At one point Nick explains to the radio audience that these essays were written by teams of students “in the best tradition of committee writing.” The team approach had posed a design problem for me as a teacher. Voice is so important in writing, and I had been afraid that voice would be lost if the students worked collaboratively. Indeed, as McKaylee wrote later, in her reflection on the process, “One of the most challenging aspects of the Unsung Heroes project was to allow the paper to smoothly flow, camouflaging the fact that it was written by three authors instead of one.” When I hit upon the idea of including each student’s personal reflection in the book, the problem of voice was resolved—and the book is the better for the reflections. Though their heroes have inspired them and made permanent imprints on their lives, in the end, Nick is right: The reflections are often the most “compelling and thought-filled” pieces in the book. When he read a portion of Kory’s reflection, captured a line that Sherrie wrote, repeated Eric’s lovely tribute to the special education teacher in our own building, these three blushed, slid down in their seats, felt the hot pride of authorship that comes when a story has hit home.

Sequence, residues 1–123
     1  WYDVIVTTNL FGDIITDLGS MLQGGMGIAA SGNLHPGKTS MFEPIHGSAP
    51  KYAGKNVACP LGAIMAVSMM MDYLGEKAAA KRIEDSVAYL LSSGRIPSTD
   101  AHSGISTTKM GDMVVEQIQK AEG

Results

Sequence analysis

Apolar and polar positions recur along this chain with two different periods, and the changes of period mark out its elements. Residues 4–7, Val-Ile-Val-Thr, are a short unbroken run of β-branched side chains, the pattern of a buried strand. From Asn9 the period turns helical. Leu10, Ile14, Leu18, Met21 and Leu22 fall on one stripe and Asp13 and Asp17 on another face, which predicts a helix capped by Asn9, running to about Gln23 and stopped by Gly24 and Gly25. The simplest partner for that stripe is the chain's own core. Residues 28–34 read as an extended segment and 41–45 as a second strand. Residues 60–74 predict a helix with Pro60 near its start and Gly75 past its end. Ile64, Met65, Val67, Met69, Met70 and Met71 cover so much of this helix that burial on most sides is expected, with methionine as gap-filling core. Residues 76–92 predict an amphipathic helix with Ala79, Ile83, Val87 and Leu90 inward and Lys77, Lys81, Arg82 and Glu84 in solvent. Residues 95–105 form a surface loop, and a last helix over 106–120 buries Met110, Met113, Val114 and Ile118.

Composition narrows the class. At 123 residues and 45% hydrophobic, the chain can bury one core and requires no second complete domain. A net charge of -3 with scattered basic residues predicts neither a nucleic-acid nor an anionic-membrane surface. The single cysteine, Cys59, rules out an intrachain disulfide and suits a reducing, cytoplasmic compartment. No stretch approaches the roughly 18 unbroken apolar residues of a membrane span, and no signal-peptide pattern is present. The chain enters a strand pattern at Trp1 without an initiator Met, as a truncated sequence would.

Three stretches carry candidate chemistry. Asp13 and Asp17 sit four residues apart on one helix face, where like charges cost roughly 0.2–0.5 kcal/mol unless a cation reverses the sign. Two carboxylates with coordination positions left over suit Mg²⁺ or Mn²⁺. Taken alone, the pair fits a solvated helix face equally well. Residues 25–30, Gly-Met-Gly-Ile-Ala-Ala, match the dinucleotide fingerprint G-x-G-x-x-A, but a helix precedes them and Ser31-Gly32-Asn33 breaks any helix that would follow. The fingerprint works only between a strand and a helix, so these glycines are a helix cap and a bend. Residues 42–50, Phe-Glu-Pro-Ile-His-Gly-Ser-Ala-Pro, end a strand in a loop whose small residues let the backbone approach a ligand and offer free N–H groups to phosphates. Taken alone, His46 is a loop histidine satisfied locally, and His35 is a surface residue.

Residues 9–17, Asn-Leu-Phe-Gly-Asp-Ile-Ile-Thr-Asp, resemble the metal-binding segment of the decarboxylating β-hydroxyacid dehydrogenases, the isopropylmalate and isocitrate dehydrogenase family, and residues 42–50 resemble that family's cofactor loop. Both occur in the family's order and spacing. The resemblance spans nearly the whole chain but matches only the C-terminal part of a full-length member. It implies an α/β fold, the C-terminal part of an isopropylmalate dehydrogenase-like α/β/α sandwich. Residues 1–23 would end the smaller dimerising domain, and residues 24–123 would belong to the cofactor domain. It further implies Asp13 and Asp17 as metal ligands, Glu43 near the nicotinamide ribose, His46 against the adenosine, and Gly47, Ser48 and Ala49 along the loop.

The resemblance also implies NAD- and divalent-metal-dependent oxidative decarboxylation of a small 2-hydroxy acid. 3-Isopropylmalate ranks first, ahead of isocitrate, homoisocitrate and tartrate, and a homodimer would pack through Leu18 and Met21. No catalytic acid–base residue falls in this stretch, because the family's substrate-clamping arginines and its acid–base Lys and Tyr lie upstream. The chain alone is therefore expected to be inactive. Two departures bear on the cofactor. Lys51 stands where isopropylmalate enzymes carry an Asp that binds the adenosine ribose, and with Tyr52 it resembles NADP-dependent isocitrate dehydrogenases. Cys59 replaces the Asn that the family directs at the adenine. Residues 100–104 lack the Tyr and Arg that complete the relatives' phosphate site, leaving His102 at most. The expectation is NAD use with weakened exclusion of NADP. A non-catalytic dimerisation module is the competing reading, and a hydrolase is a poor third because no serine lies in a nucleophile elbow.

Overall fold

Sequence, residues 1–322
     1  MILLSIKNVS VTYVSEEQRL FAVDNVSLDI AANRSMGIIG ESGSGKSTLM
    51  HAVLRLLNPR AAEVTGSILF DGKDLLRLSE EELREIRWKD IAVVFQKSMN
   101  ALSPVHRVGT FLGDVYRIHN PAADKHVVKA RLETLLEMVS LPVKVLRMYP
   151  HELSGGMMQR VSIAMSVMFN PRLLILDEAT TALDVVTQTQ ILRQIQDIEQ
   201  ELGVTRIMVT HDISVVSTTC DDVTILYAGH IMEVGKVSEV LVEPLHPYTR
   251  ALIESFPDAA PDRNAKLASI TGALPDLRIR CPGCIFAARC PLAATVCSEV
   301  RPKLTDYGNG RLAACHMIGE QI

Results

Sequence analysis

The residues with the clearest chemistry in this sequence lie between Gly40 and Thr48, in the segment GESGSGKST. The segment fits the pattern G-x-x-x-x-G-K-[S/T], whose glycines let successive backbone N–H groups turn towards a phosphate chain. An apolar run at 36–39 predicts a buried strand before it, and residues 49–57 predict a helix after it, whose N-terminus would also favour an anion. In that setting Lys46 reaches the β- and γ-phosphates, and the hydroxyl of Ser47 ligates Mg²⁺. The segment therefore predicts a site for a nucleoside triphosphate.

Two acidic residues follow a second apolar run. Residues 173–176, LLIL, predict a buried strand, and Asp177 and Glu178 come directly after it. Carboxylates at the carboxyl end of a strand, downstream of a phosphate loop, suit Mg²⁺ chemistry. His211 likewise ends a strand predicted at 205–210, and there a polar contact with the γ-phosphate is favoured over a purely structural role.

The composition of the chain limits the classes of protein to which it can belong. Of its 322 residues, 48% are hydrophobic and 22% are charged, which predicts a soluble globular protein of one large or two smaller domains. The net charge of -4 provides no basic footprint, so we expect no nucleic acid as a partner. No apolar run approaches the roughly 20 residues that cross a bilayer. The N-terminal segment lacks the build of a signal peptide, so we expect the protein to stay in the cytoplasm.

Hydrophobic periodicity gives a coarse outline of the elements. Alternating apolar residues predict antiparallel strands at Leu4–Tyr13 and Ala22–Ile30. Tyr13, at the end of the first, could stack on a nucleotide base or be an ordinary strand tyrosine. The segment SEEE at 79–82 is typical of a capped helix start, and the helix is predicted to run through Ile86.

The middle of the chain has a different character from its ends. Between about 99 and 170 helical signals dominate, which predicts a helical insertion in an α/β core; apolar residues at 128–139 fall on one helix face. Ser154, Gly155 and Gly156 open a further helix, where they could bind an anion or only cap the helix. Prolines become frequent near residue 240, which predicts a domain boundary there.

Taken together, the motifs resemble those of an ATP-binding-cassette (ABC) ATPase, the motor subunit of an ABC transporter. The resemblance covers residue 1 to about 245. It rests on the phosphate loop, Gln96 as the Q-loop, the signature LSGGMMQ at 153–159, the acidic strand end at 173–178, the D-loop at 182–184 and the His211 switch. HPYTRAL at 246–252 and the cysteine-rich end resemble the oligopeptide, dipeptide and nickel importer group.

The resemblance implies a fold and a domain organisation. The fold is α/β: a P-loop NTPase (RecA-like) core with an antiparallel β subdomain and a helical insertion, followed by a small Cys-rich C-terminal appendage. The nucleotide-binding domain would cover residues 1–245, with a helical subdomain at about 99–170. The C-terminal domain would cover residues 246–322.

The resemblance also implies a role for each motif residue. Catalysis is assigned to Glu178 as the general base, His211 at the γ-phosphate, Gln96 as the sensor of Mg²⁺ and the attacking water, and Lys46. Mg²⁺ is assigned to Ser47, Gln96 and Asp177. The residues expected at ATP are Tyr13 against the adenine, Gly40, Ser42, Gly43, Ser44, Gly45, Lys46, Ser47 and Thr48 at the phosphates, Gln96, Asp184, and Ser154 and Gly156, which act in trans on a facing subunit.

“What do you think?” I asked at the end of the broadcast. “How does it feel to listen to the review?”
“It gives me goose bumps,” said Megan, who was sitting next to me. This wasn’t hyperbole. There were little bumps all over her arms.
It gave me goose bumps, too.
Thank you, Nick. Thank you for affirming me as a teacher, my students as writers, and the heroes’ stories as inspiration for us all.